People thought that nighttime south of the Antarctic Circle during the solstice was months of utter inky darkness, but that wasn’t so, at least not that far from the actual Pole. Instead, there was a long polar twilight, sunrise that never rose, sunset that was already set, and an eerie blue glow.

Matilda saw the lack of sun–even if there was often light–drive her fellow researchers to distraction. They lost sleep, suffered through disrupted circadian rhythms, and were irritable. Many turned to sleep masks and UV tables to keep a semblance of equilibrium.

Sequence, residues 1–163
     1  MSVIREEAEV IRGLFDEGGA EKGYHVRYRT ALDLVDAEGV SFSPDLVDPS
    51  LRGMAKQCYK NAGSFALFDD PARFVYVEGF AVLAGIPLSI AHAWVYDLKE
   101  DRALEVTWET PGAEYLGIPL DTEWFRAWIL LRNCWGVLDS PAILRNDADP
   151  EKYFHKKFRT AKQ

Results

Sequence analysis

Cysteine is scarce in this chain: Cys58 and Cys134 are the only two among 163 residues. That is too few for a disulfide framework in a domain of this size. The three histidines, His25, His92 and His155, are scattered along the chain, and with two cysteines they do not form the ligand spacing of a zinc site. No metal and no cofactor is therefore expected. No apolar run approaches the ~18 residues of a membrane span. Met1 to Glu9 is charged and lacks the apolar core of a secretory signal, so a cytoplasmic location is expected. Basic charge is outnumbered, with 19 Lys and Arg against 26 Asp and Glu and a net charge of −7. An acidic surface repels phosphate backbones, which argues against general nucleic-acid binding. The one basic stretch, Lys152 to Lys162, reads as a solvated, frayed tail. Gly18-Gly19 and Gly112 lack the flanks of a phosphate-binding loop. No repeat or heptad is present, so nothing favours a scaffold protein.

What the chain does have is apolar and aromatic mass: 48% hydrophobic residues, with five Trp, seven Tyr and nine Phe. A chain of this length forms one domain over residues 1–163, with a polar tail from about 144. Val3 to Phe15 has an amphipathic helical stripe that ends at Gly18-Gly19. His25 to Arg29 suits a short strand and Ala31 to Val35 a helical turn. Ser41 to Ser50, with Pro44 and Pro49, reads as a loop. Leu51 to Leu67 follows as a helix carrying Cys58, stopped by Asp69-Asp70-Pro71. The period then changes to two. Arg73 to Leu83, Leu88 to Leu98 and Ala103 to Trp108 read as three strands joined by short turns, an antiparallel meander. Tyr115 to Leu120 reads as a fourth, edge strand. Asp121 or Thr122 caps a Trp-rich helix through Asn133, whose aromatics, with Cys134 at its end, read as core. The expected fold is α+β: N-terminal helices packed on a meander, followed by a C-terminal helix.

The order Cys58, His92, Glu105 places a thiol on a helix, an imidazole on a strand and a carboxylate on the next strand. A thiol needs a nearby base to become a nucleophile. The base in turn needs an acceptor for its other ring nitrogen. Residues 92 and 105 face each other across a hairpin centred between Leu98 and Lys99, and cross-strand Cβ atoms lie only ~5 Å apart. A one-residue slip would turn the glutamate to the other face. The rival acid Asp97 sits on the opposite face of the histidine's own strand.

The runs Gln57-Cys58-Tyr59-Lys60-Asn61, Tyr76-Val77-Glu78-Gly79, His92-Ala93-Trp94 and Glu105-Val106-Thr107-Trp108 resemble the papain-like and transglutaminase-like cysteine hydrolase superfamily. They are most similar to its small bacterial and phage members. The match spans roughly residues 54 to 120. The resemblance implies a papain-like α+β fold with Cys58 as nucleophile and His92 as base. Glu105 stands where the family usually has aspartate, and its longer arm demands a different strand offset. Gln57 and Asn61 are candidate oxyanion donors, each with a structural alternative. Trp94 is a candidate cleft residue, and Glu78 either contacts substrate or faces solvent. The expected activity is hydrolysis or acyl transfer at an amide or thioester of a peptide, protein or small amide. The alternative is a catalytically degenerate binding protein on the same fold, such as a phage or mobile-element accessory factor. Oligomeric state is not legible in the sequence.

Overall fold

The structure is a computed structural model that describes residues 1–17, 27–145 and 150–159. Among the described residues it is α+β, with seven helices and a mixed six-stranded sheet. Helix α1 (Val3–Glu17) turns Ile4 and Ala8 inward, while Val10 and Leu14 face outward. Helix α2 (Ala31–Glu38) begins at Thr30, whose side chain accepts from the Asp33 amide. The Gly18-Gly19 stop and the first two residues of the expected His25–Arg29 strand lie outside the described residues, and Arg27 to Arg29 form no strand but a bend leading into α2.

Not Matilda.

She’d always been a night owl, preferring to work until exhaustion took her and waking up when she woke up. The polar twilight was actually an upside for her–research was getting done with fewer distractions. In fact, if she timed things right, her fractured schedule meant going days at a time without seeing anyone outside the canteen. It had been fine for everyone concerned, as Matilda’s colleagues were about as fond of her as she was of them.

Until her results began getting out of hand, that is.

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